Self-empowerment is essentially driven by curiosity and playful interaction with the real-world in the safety typically provided by secure and loving home-situations (with home in the sense of where you feel at home). Positive and diverse exploratory and playful childhood experiences are highly beneficial and adverse childhood experiences are highly effective in preventing or curtailing self-empowerment.

Stimulating self-empowerment
Methods Examples Section
Safe explorative childhood Secure attachment, widely aimed playful exploration of real world [Two modes of being]
Learning to think High quality education, committed teachers allowing exploration and self-expression [Intellectual development]
Healthy habits Automate healthy essentials of life [healthy living environments]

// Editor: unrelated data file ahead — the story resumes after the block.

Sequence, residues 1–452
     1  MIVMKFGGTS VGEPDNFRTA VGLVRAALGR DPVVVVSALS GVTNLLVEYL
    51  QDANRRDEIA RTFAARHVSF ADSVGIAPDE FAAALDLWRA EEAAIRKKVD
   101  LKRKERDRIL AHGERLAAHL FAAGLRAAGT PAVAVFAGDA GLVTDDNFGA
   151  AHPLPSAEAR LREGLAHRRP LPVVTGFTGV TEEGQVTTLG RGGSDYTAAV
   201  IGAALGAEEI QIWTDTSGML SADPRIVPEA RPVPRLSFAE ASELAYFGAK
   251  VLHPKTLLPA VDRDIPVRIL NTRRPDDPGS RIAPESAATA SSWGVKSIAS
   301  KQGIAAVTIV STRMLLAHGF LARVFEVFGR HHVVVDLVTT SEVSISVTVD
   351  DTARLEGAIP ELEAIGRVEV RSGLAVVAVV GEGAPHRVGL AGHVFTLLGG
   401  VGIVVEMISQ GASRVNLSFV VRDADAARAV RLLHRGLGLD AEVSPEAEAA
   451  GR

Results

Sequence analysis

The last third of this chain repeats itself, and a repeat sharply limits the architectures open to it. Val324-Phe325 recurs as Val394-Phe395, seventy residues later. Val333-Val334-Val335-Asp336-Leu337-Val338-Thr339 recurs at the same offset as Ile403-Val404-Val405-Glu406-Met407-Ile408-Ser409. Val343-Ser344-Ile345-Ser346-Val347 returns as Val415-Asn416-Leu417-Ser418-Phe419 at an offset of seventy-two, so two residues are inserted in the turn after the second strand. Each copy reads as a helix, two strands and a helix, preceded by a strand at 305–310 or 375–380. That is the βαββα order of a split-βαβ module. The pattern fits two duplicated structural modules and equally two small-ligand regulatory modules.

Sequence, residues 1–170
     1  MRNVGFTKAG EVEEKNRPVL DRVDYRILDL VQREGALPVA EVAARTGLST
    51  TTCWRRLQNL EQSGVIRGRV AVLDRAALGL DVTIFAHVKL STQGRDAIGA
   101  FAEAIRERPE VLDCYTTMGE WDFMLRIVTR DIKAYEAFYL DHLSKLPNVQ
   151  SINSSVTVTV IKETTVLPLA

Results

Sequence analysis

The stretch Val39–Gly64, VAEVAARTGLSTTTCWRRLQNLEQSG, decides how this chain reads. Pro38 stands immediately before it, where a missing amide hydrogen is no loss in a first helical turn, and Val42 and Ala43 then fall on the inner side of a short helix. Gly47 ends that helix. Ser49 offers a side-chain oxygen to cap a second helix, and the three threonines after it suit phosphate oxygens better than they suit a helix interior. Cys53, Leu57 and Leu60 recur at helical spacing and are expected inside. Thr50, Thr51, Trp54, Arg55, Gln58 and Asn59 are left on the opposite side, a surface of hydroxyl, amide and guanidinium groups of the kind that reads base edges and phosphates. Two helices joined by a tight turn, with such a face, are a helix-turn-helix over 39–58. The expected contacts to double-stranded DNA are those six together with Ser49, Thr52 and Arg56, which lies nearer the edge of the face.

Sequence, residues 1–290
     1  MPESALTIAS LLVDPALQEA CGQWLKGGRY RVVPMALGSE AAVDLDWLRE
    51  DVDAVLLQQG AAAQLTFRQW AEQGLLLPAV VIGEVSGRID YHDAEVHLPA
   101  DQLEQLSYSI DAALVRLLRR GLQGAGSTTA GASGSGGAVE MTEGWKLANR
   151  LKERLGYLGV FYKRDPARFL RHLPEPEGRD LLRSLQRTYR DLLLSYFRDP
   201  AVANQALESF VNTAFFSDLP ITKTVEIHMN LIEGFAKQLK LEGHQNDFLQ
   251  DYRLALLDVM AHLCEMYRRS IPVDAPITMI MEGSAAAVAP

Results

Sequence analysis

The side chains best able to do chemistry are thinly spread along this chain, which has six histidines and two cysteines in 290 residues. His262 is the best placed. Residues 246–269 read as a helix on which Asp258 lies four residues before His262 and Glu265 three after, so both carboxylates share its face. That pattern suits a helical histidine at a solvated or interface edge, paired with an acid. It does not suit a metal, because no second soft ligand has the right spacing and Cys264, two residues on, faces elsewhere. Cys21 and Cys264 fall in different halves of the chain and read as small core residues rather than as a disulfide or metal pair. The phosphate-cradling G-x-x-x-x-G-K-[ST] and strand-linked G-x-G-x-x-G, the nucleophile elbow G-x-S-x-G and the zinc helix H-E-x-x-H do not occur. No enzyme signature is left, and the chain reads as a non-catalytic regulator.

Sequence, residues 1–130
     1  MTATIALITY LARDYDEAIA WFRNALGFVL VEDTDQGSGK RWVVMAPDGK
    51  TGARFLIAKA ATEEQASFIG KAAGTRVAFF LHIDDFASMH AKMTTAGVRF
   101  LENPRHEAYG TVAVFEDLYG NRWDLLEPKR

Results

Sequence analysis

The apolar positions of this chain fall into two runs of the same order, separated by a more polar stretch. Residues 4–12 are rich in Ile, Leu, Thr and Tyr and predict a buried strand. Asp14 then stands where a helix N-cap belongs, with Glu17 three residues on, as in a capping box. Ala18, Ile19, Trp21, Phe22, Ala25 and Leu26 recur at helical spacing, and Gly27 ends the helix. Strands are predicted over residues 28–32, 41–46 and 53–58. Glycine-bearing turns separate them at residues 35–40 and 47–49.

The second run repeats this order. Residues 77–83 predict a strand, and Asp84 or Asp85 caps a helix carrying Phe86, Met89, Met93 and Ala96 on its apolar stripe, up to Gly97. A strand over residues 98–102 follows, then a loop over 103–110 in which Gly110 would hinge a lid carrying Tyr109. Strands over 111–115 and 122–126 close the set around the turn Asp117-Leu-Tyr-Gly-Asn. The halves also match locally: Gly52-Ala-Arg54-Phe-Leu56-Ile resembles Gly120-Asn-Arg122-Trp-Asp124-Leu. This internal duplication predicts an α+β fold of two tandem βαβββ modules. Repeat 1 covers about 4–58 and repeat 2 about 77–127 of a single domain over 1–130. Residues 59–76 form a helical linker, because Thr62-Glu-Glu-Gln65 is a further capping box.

Sustainable natural environments Prefer co-construction over control Co-creation
Media Media for empowerment Alternative media
Positive role models Focus of healthy psychology and wisdom in role models [Positive role models]
Separate needs and wants [Media and PR]
Resource security Grow your own food [Localization]
Social diversity Multiculturalism as resource
Wise leaders Stimulate stimulate holistic leadership [Power vs Wisdom]

Disempowering others